Unlike many authors, British novelist P. D. James has been neither a diarist nor an inveterate letter writer, and she regularly discourages potential biographers, but on August 3, 1997, her seventy-seventh birthday, this doyenne of modern mystery writers started keeping a record of the ensuing year. She was inspired by Samuel Johnson’s dictum that “at seventy-seven it is time to be in earnest” as well as her desire to preserve “just one year that otherwise might be lost, not only to children and grandchildren who might have an interest but, with the advance of age and perhaps the onset of the dreaded Alzheimer’s, lost also to me.” The published book deals with only about 100 days of the year’s 365, and James admits it is “incomplete, with more omitted than has been recorded.” For example, she deliberately skips events “painful to dwell upon” and “other matters over which memory has exercised its self-defensive censorship.” Authorial disclaimers notwithstanding, Time to Be in Earnest is more than a mere “fragment of autobiography”; rather, it is an expansive memoir in the guise of a diary that progresses chronologically, but James often becomes retrospective as present experiences recall the past. Because her daily routine usually includes speeches, organization meetings, and sessions of the House of Lords (she became Baroness James of Holland Park, a life peer, in 1991), the book abounds with her ideas about such matters as detective fiction, authors classic and contemporary, discrimination against women in the workplace, and suggestions for reforming the British Broadcasting Corporation (BBC), House of Lords, and Church of England. About the last, she says that from childhood she has
inherited a love of and devotion to the Church of England which is still strong, although . . . much of its former dignity, scholarly tolerance, beauty and order, have been not so much lost as wantonly thrown away, together with its incomparable liturgy.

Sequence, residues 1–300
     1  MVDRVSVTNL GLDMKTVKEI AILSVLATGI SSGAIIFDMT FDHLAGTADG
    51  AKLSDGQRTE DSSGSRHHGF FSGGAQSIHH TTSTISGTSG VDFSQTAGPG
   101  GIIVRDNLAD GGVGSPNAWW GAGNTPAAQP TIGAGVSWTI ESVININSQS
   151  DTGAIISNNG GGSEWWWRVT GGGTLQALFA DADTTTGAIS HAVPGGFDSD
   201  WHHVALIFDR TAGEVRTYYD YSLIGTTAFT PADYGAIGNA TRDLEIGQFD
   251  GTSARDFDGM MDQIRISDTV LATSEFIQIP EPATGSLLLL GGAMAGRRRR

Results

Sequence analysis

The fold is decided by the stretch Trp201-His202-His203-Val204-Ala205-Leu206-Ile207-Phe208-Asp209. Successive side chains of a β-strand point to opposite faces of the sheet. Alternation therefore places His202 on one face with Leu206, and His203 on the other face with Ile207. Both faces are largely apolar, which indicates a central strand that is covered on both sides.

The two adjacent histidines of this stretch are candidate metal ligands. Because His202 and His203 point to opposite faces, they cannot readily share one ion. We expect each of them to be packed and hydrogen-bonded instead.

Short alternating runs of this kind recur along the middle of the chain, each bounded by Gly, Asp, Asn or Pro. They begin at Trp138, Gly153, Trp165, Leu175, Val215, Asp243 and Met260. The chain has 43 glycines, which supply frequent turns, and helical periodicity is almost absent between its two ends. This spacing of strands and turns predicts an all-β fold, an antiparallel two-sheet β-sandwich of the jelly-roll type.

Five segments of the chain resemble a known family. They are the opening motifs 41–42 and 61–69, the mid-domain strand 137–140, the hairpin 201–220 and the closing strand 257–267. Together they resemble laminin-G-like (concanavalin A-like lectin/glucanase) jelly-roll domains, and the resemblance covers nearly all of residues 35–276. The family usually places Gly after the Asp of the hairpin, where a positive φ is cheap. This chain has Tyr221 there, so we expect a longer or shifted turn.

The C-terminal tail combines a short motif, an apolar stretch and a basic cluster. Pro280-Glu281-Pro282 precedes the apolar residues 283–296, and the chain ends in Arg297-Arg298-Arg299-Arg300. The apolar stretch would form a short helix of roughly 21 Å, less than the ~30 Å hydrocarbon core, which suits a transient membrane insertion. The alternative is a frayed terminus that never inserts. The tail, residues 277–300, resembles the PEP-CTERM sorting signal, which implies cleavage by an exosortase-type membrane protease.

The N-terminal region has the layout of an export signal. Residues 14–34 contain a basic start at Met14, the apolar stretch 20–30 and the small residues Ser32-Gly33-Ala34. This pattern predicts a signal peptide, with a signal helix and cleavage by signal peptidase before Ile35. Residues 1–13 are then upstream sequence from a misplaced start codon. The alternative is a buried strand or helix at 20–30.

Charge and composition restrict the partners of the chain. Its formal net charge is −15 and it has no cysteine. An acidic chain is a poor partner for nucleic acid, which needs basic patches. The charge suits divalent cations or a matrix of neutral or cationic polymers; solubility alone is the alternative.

A keen sense of belonging to a community of professionals has led her to involvement and leadership positions not only with the board of governors of the BBC, but also with the British Council, Society of Authors (of which she was president), Whitbread Literary Awards, and Booker Prize committee (whose panel of judges she chaired in 1987). Among her public activities in her seventy-seventh year, she twice appeared as a panelist on a BBC quiz show; taped a master class about novel writing for Meridian Television; spoke to the Southwold Archaeological and Natural History Society, Scottish Medico-Legal Society, Essex Autistic Society, Jane Austen Society, and Dorset Victim Support; and also lectured at the Cheltenham Literary Festival, St. German’s Cathedral on the Isle of Man, and Trinity and Lincoln Colleges, Oxford. Because her fourteenth novel, A Certain Justice, was published in this year of record (1997), she also had many obligatory receptions, signings, and tours, including a fortnight in the United States, brief trips to France and Norway, and a planned Australian tour for which she gave previsit interviews.
With seemingly boundless energy, James makes her rounds primarily by public transportation—buses, trains, London’s underground—rather than by taxis or chauffeured cars, and visits with children, grandchildren, and friends are interspersed with the public and official activities that fill her daily calendar. Presumably on days not included in the diary she was planning or writing her next novel, book review, or speech.
Aside from describing her hectic schedule, commenting about people she meets and meals they share, and summarizing lectures, James does not write much about less immediate matters. She manages, however, to give pithy revelations of her childhood: a peripatetic lifestyle because her father frequently changed jobs; a loving father and mentally ill mother, who stayed together largely due to a Victorian obligation to marriage vows; supportive and nurturing grandparents; sound traditional schooling; and a freedom from fear and want that fostered an overall security. Consistent with a stated reluctance to deal with the unpleasant, James does not write much about her husband Connor or her marriage, a union that was marred by his mental illness, periods of institutionalization, and early death. About her husband she makes just two extended statements:
I have never found, or indeed looked for, anyone else with whom I have wanted to spend the rest of my life. I think of Connor with love and with grief for all he has missed: the grandchildren in whom he would have taken such joy, my success, which would have made the burden of mental illness easier to bear—as money always does—the journeys, the laughter, the small triumphs and the day-to-day living we haven’t shared.
Later, on his birthday:
I still miss him daily, which means that no day goes by in which he doesn’t enter into my mind: a sight which he would have relished, a joke which he would have enjoyed, something seen or read which could be shared with him, the reiteration of familiar gossip, opinions, prejudices, which are part of a marriage.
From these comments she segues into extended commentaries about mental illness and...
(The entire section is 2138 words.)